While we cannot speak to the specifics of this case as they are not public, based on our understanding of the settlement agreement this is a clear example of a wind company taking responsibility for unforeseen impacts to wildlife and providing conservation measures to not only offset those impacts, but also with respect to other sources of impact existing in the landscape today.
This agreement will help advance the knowledge of wind wildlife interactions to further reduce the industry’s relatively small impacts.
It is worth keeping in mind that the 1918 Migratory Bird Treaty Act has broad implications. Essentially anyone who kills even one bird, either knowingly or unknowingly could face prosecution for violating the act. The wind energy industry continues to do more than any other industry of which we are aware to study potential impacts before construction, make changes to plans to avoid and minimize those impacts, study operational impacts and mitigate them.
It is noteworthy that through the settlement, Duke Energy Renewables has agreed to be held to a higher standard than companies in other sectors, not only paying a fine for the impacts, but agreeing to avoid, minimize and mitigate for future impacts, and conduct research into means for reducing impacts in other locations.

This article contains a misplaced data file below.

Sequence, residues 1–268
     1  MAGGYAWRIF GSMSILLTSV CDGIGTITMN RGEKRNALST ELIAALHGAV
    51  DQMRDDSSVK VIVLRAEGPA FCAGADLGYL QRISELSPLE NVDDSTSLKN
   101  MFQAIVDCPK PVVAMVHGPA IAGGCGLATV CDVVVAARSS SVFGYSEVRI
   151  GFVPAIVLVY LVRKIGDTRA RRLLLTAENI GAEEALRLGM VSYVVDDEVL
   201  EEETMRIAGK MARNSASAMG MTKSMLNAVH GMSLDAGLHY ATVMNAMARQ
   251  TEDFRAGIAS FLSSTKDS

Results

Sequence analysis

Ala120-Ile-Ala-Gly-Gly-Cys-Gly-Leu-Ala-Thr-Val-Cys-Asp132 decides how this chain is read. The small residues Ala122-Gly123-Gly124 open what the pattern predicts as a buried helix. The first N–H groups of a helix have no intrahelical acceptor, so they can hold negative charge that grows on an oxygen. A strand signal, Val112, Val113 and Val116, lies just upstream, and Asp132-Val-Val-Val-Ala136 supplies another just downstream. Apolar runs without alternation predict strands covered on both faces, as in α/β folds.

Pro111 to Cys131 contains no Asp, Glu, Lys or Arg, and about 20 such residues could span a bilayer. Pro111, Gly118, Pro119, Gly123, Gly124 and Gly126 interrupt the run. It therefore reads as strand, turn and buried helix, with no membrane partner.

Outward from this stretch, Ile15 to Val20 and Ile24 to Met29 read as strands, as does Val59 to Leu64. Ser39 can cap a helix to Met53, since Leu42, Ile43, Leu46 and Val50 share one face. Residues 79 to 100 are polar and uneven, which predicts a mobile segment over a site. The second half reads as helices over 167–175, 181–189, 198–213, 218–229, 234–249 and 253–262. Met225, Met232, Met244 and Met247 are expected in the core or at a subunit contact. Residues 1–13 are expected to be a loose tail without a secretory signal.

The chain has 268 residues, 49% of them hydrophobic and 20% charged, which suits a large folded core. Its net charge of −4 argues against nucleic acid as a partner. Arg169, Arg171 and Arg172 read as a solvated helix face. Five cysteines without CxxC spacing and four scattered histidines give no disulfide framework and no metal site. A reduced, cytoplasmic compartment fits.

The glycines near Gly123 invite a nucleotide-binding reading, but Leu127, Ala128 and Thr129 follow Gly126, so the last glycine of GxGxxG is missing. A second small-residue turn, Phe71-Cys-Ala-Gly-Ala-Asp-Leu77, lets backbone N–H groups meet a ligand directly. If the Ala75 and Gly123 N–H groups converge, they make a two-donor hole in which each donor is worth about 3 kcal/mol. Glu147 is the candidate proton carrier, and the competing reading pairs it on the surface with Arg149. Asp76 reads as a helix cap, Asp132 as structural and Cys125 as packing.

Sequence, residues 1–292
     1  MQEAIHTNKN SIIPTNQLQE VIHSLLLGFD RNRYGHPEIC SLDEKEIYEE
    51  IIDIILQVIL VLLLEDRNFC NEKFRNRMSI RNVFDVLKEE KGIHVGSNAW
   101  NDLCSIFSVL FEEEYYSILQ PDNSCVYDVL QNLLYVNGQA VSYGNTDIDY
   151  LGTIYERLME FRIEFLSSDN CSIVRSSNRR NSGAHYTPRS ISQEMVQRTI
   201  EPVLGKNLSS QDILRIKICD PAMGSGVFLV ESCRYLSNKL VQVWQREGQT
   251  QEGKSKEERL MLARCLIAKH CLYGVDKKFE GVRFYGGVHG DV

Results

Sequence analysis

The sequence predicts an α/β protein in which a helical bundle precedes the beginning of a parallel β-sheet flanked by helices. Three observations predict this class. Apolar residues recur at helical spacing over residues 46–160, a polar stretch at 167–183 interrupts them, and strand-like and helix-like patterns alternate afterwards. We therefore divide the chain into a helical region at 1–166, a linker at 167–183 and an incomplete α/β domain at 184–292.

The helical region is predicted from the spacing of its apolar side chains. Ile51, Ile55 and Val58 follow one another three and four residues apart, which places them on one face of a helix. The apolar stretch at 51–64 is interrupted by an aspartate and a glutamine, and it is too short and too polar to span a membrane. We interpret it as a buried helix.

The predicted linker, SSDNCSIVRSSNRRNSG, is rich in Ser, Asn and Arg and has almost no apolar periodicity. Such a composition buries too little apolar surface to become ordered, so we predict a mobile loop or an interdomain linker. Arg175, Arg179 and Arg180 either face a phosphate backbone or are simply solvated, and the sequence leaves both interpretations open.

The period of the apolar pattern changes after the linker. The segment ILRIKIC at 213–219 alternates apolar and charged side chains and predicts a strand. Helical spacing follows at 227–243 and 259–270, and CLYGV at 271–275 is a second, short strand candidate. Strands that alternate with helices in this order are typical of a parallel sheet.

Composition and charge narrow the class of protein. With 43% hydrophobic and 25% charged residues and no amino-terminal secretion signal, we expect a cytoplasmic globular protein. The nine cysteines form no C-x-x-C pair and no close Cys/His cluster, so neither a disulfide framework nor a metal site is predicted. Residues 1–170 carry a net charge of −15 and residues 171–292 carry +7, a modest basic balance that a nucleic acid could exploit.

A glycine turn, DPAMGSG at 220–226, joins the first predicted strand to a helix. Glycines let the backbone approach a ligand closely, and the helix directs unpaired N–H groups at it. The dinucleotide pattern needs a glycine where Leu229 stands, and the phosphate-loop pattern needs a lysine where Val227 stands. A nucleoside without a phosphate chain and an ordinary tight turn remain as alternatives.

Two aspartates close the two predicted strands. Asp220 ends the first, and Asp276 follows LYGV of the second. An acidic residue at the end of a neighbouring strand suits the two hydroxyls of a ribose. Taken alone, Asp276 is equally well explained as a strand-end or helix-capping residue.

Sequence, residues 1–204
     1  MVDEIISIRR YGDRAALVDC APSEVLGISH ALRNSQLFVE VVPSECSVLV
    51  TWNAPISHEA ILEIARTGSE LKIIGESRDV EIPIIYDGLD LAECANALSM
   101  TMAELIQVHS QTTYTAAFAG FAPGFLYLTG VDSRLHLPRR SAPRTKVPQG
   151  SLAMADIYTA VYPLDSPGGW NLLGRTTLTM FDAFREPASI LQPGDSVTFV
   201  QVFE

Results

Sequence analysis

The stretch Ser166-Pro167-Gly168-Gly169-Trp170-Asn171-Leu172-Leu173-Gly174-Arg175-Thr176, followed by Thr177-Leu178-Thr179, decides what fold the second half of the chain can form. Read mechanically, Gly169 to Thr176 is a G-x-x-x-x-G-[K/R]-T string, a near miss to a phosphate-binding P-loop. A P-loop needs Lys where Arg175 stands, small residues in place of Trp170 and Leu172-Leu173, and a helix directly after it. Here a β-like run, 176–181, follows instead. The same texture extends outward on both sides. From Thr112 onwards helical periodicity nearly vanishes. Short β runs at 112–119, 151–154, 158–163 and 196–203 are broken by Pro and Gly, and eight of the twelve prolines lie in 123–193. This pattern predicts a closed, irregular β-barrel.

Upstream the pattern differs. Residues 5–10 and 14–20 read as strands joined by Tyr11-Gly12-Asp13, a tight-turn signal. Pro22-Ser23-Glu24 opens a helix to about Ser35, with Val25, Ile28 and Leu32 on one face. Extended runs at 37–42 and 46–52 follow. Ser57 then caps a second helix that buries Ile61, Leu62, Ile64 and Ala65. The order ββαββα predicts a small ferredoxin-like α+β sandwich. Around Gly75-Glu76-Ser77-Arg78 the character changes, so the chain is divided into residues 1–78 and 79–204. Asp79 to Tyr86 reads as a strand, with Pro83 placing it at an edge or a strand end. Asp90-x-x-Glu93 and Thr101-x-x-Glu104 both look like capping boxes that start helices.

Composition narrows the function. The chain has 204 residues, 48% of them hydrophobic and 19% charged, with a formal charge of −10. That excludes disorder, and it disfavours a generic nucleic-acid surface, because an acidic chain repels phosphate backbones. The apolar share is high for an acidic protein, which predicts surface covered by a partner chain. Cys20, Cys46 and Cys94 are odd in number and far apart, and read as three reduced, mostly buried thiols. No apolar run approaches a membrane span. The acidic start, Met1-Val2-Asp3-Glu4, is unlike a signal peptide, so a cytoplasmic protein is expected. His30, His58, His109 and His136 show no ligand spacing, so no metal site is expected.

No form of energy generation, or human activity for that matter, is completely free of impacts and wind energy is no exception. However, as demonstrated in a 2009 analysis of six forms of energy generation lifecycle impacts (including coal, oil, natural gas, nuclear, hydro, and onshore wind) prepared on behalf of the New York State Energy Research and Development Authority (NYSERDA), wind energy’s impacts were shown to be the lowest and relatively small in comparison to all other generation sources.
When coupled with the fact that experts globally see climate change as the single greatest threat to wildlife and their habitats, wind energy